One of the most prominent features of the Sierra de Guara vegetation is its contrast between the northern and southern slopes of the valley. Due to their orientation and the geomorphology, we encounter a great variety of species. 

The Sierra y Cañones de Guara Natural Park is a transition zone between the Pyrenees and the Ebro Basin, and is host to diverse ecosystems of Pyrenean and Mediterranean species.

The gall-oak grove dominates the rural skyline, followed in height by the European red pine and beech trees. At higher altitudes the black pine can be found, accompanied by spruce trees. 

The holm oak is the most important tree in the Mediterranean forests, along with the pine at higher altitudes. On the Sierra’s slopes, more prominent scrub stands out: boxwood, Echinospartum horridum, and, to a lesser extent, kermes oaks. The herbaceous species become characteristic of the vegetation at the summit. At the bottom of the valley, Kermes oak bushes can be found, and the areas with the greatest slopes contain rosemary, boxwood, and gorse, and the notable presence of dry meadows.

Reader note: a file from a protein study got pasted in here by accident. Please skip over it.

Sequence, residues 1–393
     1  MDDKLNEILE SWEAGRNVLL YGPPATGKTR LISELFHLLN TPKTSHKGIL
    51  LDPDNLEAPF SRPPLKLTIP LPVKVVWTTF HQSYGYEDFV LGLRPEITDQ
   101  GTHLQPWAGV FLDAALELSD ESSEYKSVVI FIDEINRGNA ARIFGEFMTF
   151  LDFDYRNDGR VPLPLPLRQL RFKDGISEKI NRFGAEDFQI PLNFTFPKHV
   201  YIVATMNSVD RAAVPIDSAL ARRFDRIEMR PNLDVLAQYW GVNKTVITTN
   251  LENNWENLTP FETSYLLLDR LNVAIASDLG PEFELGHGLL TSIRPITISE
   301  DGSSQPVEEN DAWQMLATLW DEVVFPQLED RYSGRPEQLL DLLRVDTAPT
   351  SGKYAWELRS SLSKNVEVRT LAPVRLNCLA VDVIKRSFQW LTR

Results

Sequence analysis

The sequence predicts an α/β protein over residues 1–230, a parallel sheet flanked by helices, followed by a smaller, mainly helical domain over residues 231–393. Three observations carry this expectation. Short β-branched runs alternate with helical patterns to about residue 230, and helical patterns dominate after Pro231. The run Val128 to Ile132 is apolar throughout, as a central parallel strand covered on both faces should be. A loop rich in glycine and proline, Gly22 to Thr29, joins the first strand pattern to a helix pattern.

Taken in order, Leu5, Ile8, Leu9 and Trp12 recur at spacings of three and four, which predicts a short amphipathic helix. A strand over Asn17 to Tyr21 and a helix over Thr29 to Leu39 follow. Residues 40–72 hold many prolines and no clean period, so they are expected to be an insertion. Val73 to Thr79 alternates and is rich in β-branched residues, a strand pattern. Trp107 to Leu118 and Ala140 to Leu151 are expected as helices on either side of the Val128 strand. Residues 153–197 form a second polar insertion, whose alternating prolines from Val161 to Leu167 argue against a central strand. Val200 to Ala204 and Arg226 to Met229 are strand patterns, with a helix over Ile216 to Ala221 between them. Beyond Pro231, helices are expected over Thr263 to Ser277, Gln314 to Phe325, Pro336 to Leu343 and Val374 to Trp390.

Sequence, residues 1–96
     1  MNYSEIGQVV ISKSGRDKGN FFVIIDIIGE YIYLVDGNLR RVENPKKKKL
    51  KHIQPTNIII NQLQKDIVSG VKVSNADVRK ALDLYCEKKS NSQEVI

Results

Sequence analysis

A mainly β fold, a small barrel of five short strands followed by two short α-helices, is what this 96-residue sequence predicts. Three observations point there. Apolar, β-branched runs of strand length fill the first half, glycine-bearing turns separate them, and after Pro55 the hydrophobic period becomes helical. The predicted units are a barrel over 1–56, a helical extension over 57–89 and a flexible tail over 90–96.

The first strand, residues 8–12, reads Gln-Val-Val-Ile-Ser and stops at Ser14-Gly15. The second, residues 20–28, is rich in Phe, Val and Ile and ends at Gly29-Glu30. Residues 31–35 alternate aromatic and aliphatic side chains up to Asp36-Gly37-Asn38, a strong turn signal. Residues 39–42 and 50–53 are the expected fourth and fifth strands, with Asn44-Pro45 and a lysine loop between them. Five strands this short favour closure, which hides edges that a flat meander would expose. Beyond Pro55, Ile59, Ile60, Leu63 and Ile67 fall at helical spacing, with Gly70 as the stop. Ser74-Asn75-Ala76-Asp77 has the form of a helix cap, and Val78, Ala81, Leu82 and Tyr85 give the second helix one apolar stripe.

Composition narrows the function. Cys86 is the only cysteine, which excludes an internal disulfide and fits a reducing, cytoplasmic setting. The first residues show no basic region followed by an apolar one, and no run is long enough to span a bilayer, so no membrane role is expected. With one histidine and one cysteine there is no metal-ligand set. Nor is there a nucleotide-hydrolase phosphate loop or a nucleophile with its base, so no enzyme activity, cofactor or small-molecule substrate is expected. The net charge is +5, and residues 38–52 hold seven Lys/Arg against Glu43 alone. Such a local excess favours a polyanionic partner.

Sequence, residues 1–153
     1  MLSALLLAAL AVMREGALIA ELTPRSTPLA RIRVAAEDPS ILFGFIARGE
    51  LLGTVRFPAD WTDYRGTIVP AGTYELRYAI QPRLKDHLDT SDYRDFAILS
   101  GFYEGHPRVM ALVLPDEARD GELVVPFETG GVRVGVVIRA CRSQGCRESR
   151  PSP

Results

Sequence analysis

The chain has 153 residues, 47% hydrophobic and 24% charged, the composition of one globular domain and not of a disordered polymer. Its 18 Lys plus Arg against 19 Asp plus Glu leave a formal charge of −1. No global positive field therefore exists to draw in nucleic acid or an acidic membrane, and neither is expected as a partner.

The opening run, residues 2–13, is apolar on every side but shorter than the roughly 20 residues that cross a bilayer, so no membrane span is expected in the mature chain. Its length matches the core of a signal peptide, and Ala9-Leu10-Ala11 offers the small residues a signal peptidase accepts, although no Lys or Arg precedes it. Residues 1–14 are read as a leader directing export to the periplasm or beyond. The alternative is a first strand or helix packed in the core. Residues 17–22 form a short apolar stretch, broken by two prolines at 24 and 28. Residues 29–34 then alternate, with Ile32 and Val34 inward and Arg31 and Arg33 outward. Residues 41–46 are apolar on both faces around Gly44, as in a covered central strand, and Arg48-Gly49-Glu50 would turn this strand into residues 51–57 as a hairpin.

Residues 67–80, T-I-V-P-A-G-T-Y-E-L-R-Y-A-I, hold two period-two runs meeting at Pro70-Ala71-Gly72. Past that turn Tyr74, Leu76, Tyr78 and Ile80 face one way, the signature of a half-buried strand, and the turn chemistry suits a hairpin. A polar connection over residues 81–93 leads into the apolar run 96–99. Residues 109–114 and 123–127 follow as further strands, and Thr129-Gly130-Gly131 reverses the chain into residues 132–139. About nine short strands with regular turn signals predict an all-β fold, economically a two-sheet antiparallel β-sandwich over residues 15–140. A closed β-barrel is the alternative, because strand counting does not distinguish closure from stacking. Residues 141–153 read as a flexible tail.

On the banks of the cooler and more sheltered ravines, the holm oak groves are accompanied by a shrub layer formed by Arbutus, Laburnum trees, Laurustinus, mastic trees, greenbriers, oleander, and even holly.

The vegetation in rocky areas is most clearly found in the crags of the ravines that are populated by very specialized plants, such as Petrocoptis guarensis, Valeriana longiflora, Saxifraga longifolia, primroses, and the long-leaved butterwort. As altitude increases, the boxwood dominates and the Kermes oak retires to dry and sunny areas of gravel.

Moreover, there are also cultivated fields where the traditional species grown in this area can be found. Here, there are olive trees, almond trees, cereal plantations, walnut trees, and more.